He recently posted a draft article defending the third-party doctrine, which is an interpretation of the Fourth Amendment holding that a person sharing information with a third party cannot make a Fourth Amendment claim to protection of that information. Use an ISP to transmit your email? No Fourth Amendment protection for its contents. Have a bank account? No Fourth Amendment protection for your banking records. Etc.

He treats as similar two issues that I see as separate: revelations gleaned from informants/agents and from business records. I have always thought of the third-party doctrine as being about business records. My remarks here apply to that area only.

I think the third-party doctrine was never right, and that it grows more wrong with each step forward in modern, connected living. Incredibly deep reservoirs of information are constantly collected by third-party service providers today. Cellular telephone networks pinpoint customers’ locations throughout the day through the movement of their phones. Internet service providers maintain copies of huge swaths of the information that crosses their networks, tied to customer identifiers. Search engines maintain logs of searches that can be correlated to specific computers and usually the individuals that use them. Payment systems record each instance of commerce, and the time and place it occurred. The third-party doctrine exempts law enforcement from the Fourth Amendment’s reasonableness and warrant requirements when it looks at these records.

It’s wonderfully contrarian to run against the grain and defend the third-party doctrine, which has plenty of detractors, but sometimes contrarians can be wrong. I think Professor Kerr is, and here I’ll briefly lay out a few of the fundamental differences I have with his paper—all toward the end of perfecting it before it’s published in the Michigan Law Review next year, of course!

The basic gist of the article is that the third-party doctrine is better than most people think, for two reasons. First, it’s technologically neutral. It prevents criminals from making opportunistic use of technology to circumvent the basic balance between security and privacy struck by the Fourth Amendment. Second, it’s easier to administer than alternatives. The arguments against the third-party doctrine are weaker than most people believe, Kerr says.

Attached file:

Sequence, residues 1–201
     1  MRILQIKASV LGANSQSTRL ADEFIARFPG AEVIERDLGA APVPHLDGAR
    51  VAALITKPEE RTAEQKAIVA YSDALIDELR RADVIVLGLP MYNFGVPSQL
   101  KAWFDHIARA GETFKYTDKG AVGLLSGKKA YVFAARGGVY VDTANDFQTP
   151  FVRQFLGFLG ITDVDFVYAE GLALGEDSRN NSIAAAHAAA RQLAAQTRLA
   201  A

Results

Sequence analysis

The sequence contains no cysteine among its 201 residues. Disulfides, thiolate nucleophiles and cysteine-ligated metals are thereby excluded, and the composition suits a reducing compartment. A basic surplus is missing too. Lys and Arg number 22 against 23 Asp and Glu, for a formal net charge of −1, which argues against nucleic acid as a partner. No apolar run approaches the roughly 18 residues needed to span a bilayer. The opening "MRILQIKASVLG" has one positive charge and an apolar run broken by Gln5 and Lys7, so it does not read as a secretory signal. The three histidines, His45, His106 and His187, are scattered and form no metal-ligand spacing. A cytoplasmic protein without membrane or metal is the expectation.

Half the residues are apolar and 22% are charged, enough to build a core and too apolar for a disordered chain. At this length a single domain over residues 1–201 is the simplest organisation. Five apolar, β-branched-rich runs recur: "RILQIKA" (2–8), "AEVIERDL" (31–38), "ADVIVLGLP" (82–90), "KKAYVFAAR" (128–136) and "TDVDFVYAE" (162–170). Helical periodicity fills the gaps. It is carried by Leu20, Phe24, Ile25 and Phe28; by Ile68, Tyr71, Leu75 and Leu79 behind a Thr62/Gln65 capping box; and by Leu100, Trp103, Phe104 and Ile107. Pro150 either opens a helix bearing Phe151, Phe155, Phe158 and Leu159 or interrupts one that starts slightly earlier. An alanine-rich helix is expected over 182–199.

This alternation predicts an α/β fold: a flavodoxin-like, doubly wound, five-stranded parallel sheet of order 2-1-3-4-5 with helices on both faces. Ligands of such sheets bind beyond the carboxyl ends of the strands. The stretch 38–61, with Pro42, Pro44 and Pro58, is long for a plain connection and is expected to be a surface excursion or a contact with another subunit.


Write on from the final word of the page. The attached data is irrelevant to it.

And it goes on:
Rather than wedging the third-party doctrine into the “reasonable expectation of privacy” framework arising out of Katz v. United States, Kerr argues that the third-party doctrine should be thought of as a form of consent. People sharing information with others are consenting to have it searched.

To make the third-party doctrine more palatable, he argues that substitutes for it help control against abusive practices. These include common law privileges, entrapment law, the Massiah doctrine, First Amendment doctrine, statutory privacy protections, and the rights of third parties themselves.

My differences with Kerr are plentiful. Starting at the 30,000 foot level, my sense is that Kerr is treating the Fourth Amendment as a rule about criminal procedure. Oh sure, it’s classed that way in the legal academy, it has most of its application in criminal cases, and I first studied Fourth Amendment law in my constitutional criminal procedure class. But add this to the list of things I didn’t learn in law school: The touchstone of the Fourth Amendment is the security of the people—all of them—against unreasonable searches and seizures of their persons, houses, papers and effects. “The people” refers to all of us, the law-abiding citizens.

(Kerr’s argument that the third-party doctrine is preferable because it’s easy to administer holds no weight if the rule derogates from the security of the people, and I’m confident that courts and police departments could manage other rules. That’s all I’ll have to say on that point so I can focus on Kerr’s point about technological neutrality.)

The interplay of the Fourth Amendment and technology is interesting, but I don’t think technological neutrality is a terribly relevant or useful metric for Fourth Amendment doctrine. Since the Fourth Amendment was adopted, technology has certainly shifted the scope of human enterprise. I imagine that in the late 1700’s most everything of deep import to people’s lives—personal and professional—happened in or near the home, so it was natural that the home was a place of high Fourth Amendment protection, and “home” was a useful proxy for “what should be protected.”

Since then, technological changes of all kinds have given us the freedom to take our lives outward. We move around much more within our communities and from one to another; we stay in different places and move our residences much more often; we communicate and transact using new technologies; and our things—both tangible and digital—come to rest many more places than they used to.